Jack Knox column: Pipeline talk skips from 'if' to 'show me the money'
Jul 26 2012
On the night of Sept. 25, 2009, the bulk carrier MV Peters-field pulled out of Kitimat bound for Crofton - and ran smack into the side of Douglas Channel, smashing its front end.
The ship had a qualified pilot on board to guide it through local waters and its progress was being monitored electronically by marine traffic controllers. Still, when the wonky navigational gear that had been giving the Bahamian-flagged vessel problems on the way from China went sideways again, the narrow confines of Douglas Channel didn't leave much room for error. Bang, onto the rocks.
"What's to stop a loaded crude carrier from doing that?" asks Allan Hughes.
Hughes is the union representative for the 100 coast guard workers who watch over marine traffic in B.C. They have a lot of questions about Enbridge's proposal to ship Alberta heavy oil from Kitimat, particularly with Ottawa reducing safety measures on the coast.
Much ado has been made about the federal government's budget-cutting plan to shut the coast guard operation in Vancouver. Less attention has been paid to the closing of two other marine communications and traffic services centres in Comox and Ucluelet, which will leave just the two remaining stations in Sidney and Prince Rupert to handle the entire West Coast. Not only does that mean a loss of local knowledge, but half of the coast could go unmonitored when communications systems fail, Hughes says.
At the same time, the feds want to scrap a requirement that approaching ships call in once they are 50 miles from Vancouver Island. Instead, they could come within 12 miles before doing so. That's scary when considering the potential hazards that need to be dealt with before the 12-mile limit, particularly on foggy summer days when trawlers and hake draggers compete for space with cargo ships.
Indeed, the 50-mile limit was implemented after the Japanese fish processor Tenyo Maru sank in a collision with the Chinese freighter Tuo Hai off the entrance to Juan de Fuca Strait in 1991. One of the factors in that case was the language barrier separating Canadian authorities and crew on the bridge of the Tuo Hai.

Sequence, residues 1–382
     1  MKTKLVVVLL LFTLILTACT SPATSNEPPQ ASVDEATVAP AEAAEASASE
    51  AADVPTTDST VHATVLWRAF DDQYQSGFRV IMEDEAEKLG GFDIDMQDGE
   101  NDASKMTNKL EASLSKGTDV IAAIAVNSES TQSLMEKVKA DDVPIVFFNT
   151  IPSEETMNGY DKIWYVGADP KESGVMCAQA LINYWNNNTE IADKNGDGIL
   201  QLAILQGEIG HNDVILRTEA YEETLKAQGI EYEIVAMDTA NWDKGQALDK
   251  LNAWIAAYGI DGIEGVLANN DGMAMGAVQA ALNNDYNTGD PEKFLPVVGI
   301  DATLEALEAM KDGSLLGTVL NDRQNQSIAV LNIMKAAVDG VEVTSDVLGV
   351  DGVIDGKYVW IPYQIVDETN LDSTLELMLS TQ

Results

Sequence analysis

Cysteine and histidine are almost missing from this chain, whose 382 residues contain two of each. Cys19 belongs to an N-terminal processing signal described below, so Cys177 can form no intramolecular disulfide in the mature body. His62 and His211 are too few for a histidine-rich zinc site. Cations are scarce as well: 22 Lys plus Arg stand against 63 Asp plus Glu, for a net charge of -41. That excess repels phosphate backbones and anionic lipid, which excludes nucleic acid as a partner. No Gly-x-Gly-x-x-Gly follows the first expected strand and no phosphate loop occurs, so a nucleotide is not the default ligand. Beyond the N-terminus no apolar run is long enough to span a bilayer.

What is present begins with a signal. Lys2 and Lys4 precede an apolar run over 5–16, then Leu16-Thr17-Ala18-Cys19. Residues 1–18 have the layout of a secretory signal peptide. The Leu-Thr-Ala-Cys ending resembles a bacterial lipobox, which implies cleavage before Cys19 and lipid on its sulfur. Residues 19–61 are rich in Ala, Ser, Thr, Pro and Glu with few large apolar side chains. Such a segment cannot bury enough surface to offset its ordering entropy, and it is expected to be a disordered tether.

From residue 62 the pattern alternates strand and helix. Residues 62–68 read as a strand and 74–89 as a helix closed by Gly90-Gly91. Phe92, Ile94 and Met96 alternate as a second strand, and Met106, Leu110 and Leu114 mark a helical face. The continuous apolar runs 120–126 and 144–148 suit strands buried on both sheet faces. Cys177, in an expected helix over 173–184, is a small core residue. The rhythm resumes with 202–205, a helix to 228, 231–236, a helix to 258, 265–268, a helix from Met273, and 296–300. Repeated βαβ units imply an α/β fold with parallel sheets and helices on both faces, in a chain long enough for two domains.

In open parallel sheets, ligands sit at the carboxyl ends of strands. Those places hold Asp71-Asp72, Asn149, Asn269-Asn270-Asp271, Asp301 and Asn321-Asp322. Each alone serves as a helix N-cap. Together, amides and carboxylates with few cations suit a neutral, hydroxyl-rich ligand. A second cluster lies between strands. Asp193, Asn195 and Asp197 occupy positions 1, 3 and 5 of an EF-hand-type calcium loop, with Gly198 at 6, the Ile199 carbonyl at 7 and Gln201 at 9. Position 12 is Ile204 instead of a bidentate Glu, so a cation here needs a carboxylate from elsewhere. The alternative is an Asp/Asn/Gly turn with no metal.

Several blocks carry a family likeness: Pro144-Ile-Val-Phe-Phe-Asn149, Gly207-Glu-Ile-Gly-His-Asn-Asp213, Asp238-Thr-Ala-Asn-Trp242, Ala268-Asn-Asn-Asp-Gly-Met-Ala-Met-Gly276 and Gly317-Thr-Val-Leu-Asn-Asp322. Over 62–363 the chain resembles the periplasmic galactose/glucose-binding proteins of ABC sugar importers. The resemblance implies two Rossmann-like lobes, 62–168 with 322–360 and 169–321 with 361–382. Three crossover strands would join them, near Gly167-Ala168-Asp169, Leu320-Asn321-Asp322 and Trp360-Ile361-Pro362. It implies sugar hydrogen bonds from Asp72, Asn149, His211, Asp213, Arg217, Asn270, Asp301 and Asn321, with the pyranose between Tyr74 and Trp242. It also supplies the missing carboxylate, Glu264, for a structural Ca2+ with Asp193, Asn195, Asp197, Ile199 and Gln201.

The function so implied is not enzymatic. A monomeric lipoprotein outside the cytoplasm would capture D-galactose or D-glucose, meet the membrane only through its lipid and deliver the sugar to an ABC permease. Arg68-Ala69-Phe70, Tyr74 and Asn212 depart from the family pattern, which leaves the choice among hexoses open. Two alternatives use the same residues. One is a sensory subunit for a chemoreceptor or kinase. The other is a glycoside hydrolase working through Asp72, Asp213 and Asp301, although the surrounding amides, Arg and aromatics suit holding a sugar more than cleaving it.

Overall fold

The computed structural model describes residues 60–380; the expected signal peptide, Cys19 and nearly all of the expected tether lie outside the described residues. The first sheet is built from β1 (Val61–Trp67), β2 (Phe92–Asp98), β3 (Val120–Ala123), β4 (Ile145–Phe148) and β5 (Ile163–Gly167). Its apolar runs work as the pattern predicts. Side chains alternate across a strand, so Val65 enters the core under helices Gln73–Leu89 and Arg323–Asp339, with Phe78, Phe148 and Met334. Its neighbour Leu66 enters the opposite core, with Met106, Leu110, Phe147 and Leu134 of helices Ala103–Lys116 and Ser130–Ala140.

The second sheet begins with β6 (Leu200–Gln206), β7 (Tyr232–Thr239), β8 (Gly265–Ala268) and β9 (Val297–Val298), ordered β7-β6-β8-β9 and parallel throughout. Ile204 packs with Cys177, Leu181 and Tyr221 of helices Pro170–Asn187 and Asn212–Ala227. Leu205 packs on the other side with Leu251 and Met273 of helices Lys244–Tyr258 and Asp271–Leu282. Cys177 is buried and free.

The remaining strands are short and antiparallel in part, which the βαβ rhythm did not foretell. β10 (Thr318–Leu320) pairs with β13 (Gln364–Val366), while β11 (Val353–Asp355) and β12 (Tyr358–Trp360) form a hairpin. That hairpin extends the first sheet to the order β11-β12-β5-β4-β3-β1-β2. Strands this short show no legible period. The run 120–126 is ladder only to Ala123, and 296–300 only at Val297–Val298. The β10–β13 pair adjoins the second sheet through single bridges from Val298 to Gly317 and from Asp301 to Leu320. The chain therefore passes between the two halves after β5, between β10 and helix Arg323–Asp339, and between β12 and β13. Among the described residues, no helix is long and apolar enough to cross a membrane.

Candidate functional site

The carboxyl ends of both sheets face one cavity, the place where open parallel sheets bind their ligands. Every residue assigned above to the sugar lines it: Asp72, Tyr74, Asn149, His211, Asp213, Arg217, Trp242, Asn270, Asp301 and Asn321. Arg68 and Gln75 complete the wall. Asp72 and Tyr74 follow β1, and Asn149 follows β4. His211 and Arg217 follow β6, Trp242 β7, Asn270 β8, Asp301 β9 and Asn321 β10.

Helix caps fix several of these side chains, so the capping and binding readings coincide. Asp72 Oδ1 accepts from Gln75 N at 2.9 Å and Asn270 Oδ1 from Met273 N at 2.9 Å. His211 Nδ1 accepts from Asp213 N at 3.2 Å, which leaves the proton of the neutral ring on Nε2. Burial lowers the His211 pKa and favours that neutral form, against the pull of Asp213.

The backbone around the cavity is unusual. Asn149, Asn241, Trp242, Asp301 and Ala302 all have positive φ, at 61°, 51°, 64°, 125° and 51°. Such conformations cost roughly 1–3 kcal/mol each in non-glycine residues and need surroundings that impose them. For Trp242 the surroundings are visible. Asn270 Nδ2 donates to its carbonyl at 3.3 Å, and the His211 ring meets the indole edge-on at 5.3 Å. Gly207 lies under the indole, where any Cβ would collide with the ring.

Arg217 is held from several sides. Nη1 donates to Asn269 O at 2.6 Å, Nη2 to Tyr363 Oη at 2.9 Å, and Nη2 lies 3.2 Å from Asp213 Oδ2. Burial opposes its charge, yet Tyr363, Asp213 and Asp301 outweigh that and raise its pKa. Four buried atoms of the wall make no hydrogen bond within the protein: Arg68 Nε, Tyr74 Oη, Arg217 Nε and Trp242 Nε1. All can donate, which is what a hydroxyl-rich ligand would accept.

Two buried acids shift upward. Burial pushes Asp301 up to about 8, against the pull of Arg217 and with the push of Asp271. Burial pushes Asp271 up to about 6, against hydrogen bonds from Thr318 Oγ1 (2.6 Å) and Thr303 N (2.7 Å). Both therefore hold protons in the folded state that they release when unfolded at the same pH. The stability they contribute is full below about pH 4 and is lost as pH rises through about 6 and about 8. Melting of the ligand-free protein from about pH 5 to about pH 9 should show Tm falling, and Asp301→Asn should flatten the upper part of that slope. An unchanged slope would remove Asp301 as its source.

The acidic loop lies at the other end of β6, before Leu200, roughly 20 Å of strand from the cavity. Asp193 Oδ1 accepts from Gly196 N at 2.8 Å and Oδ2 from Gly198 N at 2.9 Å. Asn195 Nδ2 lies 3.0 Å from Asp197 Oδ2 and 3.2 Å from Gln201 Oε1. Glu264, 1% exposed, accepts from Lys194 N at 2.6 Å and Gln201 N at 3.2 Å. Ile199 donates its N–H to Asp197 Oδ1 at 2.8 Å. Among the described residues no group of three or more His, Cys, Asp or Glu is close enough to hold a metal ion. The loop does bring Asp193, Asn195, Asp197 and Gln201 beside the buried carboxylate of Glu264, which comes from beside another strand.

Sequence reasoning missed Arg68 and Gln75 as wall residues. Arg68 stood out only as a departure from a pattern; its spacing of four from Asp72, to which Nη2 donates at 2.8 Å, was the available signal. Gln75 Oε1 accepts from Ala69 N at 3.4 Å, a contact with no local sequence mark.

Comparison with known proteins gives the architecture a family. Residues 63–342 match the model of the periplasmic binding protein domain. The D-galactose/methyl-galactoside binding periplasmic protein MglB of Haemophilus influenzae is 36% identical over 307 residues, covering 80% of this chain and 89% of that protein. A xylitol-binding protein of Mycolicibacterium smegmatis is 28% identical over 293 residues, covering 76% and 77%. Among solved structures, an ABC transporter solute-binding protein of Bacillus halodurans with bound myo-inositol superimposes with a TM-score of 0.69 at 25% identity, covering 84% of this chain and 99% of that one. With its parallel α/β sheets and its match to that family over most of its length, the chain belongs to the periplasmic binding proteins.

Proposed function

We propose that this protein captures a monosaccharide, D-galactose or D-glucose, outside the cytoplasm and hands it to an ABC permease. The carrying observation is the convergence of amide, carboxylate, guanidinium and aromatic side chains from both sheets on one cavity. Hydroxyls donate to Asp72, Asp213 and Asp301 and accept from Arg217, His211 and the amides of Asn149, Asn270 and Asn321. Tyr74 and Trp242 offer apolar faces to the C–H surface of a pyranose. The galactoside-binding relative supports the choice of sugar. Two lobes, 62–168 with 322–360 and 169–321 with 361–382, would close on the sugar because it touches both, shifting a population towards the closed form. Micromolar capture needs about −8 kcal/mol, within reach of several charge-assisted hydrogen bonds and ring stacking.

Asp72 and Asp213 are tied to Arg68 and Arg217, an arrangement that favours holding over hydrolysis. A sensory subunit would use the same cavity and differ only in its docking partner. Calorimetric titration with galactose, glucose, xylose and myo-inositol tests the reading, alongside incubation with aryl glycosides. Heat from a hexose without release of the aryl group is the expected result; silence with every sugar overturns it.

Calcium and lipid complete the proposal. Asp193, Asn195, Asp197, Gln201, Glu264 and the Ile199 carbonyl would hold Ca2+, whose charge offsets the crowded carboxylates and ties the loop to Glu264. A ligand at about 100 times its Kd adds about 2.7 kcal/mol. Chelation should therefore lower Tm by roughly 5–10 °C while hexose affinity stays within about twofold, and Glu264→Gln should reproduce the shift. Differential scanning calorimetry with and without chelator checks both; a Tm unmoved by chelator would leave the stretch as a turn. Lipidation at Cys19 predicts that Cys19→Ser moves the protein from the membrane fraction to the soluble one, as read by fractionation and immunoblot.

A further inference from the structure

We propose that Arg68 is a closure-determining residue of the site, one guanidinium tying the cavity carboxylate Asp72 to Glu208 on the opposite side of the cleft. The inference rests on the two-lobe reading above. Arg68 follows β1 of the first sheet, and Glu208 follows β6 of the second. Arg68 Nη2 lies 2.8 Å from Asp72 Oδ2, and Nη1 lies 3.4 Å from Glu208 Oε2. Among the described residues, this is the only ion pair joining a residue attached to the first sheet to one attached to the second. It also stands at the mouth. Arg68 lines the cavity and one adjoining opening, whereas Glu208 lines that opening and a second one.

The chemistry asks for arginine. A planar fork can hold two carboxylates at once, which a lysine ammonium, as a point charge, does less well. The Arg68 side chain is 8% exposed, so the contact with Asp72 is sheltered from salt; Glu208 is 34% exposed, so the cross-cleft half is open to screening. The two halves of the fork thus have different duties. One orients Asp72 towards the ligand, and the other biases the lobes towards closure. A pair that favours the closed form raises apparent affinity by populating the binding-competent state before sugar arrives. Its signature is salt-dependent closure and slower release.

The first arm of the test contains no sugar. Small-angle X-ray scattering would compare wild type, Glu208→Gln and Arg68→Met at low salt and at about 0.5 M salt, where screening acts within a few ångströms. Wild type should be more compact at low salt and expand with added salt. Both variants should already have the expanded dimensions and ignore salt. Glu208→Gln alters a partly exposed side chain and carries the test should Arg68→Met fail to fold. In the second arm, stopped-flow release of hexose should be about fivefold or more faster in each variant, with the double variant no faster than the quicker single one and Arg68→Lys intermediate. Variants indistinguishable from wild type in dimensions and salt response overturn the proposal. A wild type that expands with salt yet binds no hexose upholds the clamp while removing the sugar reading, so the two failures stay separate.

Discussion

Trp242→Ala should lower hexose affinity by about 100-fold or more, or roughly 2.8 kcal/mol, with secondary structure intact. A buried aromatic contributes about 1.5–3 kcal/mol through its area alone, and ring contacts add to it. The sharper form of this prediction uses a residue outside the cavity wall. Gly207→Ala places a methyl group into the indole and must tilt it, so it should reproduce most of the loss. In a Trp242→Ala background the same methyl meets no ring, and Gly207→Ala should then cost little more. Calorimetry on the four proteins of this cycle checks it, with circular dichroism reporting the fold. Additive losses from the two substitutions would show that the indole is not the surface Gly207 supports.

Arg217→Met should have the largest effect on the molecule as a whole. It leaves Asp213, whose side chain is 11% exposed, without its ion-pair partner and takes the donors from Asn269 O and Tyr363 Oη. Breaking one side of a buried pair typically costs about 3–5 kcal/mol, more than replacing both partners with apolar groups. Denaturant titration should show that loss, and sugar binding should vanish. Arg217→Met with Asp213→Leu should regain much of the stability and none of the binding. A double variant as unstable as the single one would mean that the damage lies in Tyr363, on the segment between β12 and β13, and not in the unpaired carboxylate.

Such problems still arise, Hughes says. It can take several minutes to extract even the most basic information from bridge watch-keepers whose grasp of English is tenuous - and when you're in congested waters, you don't have minutes to react.
Hughes' members tell him language issues mean some foreign-flagged ships pose a higher risk of grounding or being involved in collisions, which makes those members wonder whose tankers would carry the heavy, gooey Alberta bitumen from Kitimat.
Note that B.C.'s northern waters are sufficiently treacherous that for decades tankers carrying Alaska crude have complied with a voluntary ban on sailing them. Instead, oil-carriers stay well out to sea before turning into Juan de Fuca Strait. How is it that an area deemed too dangerous for U.S. tankers is safe enough for others?
"The fact they intend to transit Hecate Strait or Dixon Entrance in winter is a disaster waiting to happen," Hughes says.
Hughes also wants to know what kind of tugs would be used to escort tankers out of Kitimat, how far they would be required to go, and where rescue tugs - the kind that accompany disabled ships at sea - would be stationed.
These are the same kind of questions being asked by the B.C. government, which Monday released a 54-page report that spent a lot of ink on the question of who would have to pay for an oil spill. The document noted Exxon has so far contributed $3.4 billion to what could be $7 billion in cleanup costs related to 1989's Exxon Valdez disaster, the 35th-largest spill worldwide since 1967. Would the carriers of Alberta heavy oil have pockets that deep?
Those numbers were quickly lost this week in the B.C.-Alberta squabble over who would get how much of the tax money from the Northern Gateway project.
Funny how in a single day the debate moved from whether B.C. should back the pipeline to how much we should get for doing so.
Before fighting over how to divide the pie, shouldn't we decide whether to bake it at all?
And shouldn't we be asking Ottawa why it is cutting coastal safety at the same time it raises the risk?